You Don't Need to be Okay Right Now

If I pretended to be fine, wouldn't I be?

A toothbrush is pictured in front of a sink.
Toothbrush in front of sink.

My dad's death took a lot out of me, to say the least. While that's something I often talk about now, it's not something I was willing to admit back then.


In the weeks after my dad died, I tried to ignore the fact that I was not okay. Half of my life had been shattered in an instant, but I was determined to hide my feelings and pretend like everything was fine.


Pretending and ignoring my feelings actually worked for a little bit, though it did cause me many more problems later on.


I didn't know a lot about grief when my dad died, so I'm pretty sure I thought that if I ignored my feelings, they would just go away (which is NOT true). For things in the past, such as a bad grade or argument with a friend, ignoring that I wasn't okay hadn't caused any significant problems, and I always ended up being fine in a few days.


I figured out how not okay I was while I was getting ready for bed one day, a few weeks after my dad died. I was brushing my teeth, not facing the sink like usual, and turned to spit out my toothpaste in the sink. That's something I've done thousands of times, yet when I turned I completely missed the sink and got toothpaste on the counter.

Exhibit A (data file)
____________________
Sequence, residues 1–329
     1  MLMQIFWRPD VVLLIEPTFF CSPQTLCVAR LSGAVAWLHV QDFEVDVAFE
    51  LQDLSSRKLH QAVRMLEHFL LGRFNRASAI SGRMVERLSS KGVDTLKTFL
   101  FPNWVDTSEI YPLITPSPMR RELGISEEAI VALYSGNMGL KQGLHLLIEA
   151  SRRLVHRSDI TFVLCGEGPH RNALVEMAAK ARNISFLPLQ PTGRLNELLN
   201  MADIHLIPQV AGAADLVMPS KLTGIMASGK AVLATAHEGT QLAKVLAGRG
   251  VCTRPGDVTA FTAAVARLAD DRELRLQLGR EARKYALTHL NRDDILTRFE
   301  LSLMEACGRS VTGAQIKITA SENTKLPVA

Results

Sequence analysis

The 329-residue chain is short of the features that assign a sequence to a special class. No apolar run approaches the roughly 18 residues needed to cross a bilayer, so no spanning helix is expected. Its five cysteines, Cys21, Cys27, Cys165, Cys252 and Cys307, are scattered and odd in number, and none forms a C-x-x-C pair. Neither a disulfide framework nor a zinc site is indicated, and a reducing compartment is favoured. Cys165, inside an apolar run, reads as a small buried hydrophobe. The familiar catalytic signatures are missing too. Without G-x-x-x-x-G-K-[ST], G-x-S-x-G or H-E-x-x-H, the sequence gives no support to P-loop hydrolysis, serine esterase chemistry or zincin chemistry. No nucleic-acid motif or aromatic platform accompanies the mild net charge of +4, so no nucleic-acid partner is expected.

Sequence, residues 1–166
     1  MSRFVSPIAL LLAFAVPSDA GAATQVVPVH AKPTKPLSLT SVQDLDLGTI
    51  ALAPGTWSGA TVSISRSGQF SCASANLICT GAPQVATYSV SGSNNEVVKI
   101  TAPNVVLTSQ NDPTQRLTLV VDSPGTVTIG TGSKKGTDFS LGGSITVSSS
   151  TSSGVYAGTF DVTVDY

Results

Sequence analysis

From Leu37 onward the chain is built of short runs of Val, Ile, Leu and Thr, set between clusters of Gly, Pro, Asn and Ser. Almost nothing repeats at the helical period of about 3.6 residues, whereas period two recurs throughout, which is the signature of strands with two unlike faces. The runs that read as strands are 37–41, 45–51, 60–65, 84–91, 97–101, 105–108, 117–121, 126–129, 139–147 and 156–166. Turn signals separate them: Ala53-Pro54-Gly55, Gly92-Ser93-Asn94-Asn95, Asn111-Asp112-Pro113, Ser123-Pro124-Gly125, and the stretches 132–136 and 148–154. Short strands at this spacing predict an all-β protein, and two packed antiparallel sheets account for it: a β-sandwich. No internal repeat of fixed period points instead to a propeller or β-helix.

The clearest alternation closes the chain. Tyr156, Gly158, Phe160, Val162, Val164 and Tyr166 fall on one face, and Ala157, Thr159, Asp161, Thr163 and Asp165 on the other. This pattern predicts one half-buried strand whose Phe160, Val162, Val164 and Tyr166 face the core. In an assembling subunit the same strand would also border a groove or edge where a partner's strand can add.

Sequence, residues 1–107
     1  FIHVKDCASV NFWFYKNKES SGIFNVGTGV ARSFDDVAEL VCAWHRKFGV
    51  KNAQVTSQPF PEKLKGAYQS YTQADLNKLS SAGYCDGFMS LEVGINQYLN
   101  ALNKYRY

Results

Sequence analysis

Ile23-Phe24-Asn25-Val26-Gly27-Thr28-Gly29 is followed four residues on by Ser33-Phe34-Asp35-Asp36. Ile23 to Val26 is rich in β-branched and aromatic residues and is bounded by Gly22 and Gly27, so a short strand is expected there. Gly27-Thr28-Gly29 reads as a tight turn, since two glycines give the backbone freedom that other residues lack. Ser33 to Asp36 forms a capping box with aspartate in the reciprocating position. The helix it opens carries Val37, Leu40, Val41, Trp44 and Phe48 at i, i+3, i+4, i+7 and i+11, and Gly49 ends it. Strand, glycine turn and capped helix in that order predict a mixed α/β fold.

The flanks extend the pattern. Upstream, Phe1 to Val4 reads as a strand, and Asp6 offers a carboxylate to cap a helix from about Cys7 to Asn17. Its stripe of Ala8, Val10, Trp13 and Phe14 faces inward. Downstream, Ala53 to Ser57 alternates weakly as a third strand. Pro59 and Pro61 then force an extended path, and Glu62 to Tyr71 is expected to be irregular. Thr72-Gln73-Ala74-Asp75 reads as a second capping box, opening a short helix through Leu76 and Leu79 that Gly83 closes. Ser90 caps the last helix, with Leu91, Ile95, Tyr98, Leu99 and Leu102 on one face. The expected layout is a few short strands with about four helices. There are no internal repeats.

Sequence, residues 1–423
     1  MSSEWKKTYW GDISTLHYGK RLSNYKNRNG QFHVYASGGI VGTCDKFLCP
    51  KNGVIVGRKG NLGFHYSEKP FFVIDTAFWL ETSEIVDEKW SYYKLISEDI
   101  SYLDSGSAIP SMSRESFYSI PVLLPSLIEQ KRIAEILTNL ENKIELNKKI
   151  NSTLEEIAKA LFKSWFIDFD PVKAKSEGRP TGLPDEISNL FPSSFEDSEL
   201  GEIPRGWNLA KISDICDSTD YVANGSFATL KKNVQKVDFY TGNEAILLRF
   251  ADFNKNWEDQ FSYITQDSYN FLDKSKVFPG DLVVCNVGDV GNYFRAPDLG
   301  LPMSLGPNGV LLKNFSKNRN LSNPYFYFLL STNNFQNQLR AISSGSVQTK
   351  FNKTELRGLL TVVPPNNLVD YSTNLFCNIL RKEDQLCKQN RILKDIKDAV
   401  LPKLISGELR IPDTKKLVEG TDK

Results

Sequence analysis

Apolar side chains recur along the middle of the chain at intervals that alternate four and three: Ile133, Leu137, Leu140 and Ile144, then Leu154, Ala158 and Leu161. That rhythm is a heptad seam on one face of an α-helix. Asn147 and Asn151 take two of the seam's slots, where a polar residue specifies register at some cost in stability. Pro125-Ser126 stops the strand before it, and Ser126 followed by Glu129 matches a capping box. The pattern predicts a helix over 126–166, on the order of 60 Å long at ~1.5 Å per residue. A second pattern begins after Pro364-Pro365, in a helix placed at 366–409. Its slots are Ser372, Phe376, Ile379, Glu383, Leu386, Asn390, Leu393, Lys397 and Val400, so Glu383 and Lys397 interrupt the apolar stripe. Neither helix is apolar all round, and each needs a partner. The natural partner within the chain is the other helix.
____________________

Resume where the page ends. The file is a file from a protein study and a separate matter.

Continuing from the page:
Frozen, I stood there, staring at the sink and the toothpaste next to it. That had never happened before, and I was filled with a sinking feeling that something was really, really wrong.


I was not okay. And that is 100% okay.


While that is the moment I realized that I was not okay, it's not the moment I decided to help myself. I still ignored how I was feeling, and over the next few weeks I ran out of class crying, skipped practices, and didn't always try my hardest at school. Deep down, I knew that I wasn't alright, but I still wasn't ready to admit that.


On the outside, I seemed like any other high school kid. On the inside, I was spiraling, and helplessly watching everything around me fall apart.


It took awhile for me to realize that I was not okay, and that I couldn't just ignore that anymore. Instead of running from my feelings, I started writing what I felt. I began opening up more to the people around me, and stopped forcing myself to function at the same level that I was before my dad died.


I was not okay. And that is 100% okay.


Expecting yourself to function at your normal level after you lose a loved one is unrealistic. I tried to ignore my grief and act like I was fine, but doing that made it harder for me to deal with my grief later on. You will most likely not be at your best - or even close to that - after you lose someone, and that is okay and normal.


It's okay to not be okay, especially during grief. Instead of forcing yourself back into your usual routine, give yourself a little break. If you take the time to care for yourself now, your grief will be a lot easier to deal with later on.



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Written by Natalie Adams, the creator of Teenage Grief Sucks. Photo by Joshua Hoehne.